My four-year-old grandson is nearly fearless. He launches himself at you—or off the couch—with all the reckless abandon of someone who still doesn’t quite understand the physics of the world or such fundamental concepts as gravity and the effects of sudden, forced stops on the human body. But he’s learning. And we’re trying to educate him about these things without him having to experience too much injury.
I said he was nearly fearless. Earlier this year he accidentally slammed his own little finger in the pantry door. My daughter heard him screaming and found him standing bewildered in a pool of his own blood, dripping from his finger. Fast-forward through the trip to the emergency room and the subsequent sedation surgery to rebuild his little finger, and the weeks of his hand being bandaged and re-bandaged repeatedly. He really came through it all like a little trooper, and his finger has completely healed so you’d never know it had happened. But he is a different little boy than he used to be.
This is the end of an era.
She was born in the Roaring Twenties (that explains a lot), grew up in the Great Depression, survived the World War Two era, lived through the Eisenhower years, got through the tumultuous Sixties and the scandalous Seventies, and all the way into the 21st century. Nearly a hundred years! What a century her life has spanned!
On Saturday, July 24, 2021, I got a call from Ruby Grindstaff at 9:37 AM. It lasted 25 seconds. She said, “Pastor David, I hate to bother you, but I wonder if I could trouble you to take me to the hospital? I’m not feeling at all well and I think I need to go.” I said, “Ruby, I’ll be right there.”
So here they are, in as close to the order I encountered them as I can remember.
When I got to her house a few minutes later she came right out. I opened the door to our car for her, and she apologized to me for disturbing my morning. I kept telling her she wasn’t disturbing me, and I was absolutely willing to take her to the hospital. Then she told me she’d been having chest pain all night and that she’d decided if it was still there in the morning, she would go to the hospital. And I wondered why she hadn’t called before.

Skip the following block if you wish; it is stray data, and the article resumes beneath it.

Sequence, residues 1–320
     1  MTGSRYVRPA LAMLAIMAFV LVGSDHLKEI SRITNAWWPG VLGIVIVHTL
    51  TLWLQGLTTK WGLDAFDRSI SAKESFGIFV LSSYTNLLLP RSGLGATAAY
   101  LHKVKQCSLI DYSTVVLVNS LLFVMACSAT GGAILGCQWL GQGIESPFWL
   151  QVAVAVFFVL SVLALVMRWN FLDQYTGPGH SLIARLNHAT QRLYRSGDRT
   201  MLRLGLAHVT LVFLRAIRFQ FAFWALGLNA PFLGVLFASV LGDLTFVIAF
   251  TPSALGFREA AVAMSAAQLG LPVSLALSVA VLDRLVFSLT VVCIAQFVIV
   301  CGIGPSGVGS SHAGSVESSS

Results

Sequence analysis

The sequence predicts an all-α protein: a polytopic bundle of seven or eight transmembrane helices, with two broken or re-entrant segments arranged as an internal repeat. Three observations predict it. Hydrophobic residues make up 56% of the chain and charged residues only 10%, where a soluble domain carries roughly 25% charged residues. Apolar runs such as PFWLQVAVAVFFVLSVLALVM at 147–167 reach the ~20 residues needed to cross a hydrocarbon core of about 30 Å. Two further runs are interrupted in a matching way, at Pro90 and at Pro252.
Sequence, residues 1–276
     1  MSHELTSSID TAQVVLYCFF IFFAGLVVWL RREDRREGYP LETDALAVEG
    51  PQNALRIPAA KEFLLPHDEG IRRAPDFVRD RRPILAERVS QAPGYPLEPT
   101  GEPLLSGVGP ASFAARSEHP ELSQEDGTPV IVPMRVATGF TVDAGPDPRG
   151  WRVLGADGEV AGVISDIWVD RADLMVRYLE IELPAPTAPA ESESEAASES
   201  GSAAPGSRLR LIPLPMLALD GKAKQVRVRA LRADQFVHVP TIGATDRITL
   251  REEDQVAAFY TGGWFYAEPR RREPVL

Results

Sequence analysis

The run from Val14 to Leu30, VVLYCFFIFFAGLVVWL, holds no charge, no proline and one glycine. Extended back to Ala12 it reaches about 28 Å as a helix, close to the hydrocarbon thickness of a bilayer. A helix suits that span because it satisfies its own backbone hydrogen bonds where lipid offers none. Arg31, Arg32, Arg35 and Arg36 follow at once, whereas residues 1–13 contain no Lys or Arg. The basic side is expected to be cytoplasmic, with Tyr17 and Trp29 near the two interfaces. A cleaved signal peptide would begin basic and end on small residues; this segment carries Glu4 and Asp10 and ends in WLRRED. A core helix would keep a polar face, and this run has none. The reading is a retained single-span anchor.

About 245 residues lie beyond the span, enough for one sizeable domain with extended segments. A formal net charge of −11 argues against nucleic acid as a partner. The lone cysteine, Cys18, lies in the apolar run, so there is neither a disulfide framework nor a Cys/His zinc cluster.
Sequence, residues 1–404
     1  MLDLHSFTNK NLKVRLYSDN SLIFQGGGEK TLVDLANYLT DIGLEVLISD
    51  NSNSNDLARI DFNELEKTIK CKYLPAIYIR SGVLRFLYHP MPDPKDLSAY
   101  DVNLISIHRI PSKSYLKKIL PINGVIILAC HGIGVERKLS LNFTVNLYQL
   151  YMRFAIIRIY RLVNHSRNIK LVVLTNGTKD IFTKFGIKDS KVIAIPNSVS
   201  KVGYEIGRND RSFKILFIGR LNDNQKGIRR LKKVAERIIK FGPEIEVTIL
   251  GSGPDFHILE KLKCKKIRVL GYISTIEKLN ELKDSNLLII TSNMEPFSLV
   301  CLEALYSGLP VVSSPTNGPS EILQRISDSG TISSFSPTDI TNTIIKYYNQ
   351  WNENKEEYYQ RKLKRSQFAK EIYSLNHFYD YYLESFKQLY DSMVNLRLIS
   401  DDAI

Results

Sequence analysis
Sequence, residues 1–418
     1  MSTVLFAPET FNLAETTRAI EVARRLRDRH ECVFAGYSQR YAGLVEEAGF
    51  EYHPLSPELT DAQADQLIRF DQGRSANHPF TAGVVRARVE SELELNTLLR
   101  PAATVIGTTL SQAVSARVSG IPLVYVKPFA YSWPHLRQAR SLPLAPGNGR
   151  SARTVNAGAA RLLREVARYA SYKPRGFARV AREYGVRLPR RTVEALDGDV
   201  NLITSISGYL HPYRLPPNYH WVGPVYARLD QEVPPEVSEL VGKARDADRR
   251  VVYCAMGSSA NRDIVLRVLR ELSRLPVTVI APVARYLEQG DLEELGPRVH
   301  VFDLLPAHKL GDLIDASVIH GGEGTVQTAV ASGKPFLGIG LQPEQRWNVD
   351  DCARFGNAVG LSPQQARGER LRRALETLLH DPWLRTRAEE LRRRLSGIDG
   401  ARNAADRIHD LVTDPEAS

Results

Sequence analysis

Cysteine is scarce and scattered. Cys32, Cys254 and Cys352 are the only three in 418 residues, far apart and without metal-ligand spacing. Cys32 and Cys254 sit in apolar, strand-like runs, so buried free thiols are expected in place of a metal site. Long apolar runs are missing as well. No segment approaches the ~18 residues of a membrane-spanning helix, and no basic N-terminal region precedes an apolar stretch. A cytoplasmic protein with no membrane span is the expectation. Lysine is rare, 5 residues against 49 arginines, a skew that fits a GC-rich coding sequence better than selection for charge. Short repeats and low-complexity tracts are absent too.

From time to time over the years I would finish a book and think, “That’s got to be one of the top ten books I’ve ever read!” And then I’d think, “Someday I’m going to make a list of the top ten books, besides the Bible, that I’ve ever read.” Well, today’s the day. I’m going to make an attempt to compile a list of books and tell you why they have meant so much to me.
But I have to tell you, this article is a fraud. There’s more than ten books on this list. As I started thinking back over the wonderful books I’ve read over the past forty-plus years, I thought, “How am I ever going to whittle the list down to just ten?” There are many other wonderful books in my library that are not on this list. But these are the books that came first to my mind as having impacted my life and ministry in meaningful ways. I ended up with thirteen books. That’s one for each of the twelve apostles, plus the Apostle Paul. (At least, that’s my feeble justification for going over ten.)
(With my wife’s upcoming hip replacement getting nearer, I’m in the midst of making preparations for taking a week off in order to help her with the recuperation after her surgery. There’s a lot to get done, so with your kind indulgence I’m going to repeat an article from 2014. It still expresses my desire for our church here in our town.)
While visiting our son recently, we had the chance to sail on a tall ship out into Lake Michigan, and got a closer look at a lighthouse, one of many that are scattered around the lake.
We also got to attend Sunday morning worship at the Moody Memorial Church, which stands like a spiritual lighthouse in Chicago’s Olde Towne. And what a wonderful experience that was!
We parked in the first-time visitor’s lot just across the street from the church, and we were greeted by dapper parking lot “attendants” in coats and ties. I asked, “How do we prove to you that we’re first-time visitors?” He smiled a million-dollar smile and said, “Just tell us ya are!”
When we got out of the car and stepped onto the sidewalk, we joined a throng of people streaming to the church from all points of the compass. And that’s when we started to feel the excitement. People were smiling and greeting one another with “Good morning!” (I think that’s the first time that’s happened to me in Chicago!) We immediately felt that we were surrounded by brothers and sisters in Christ.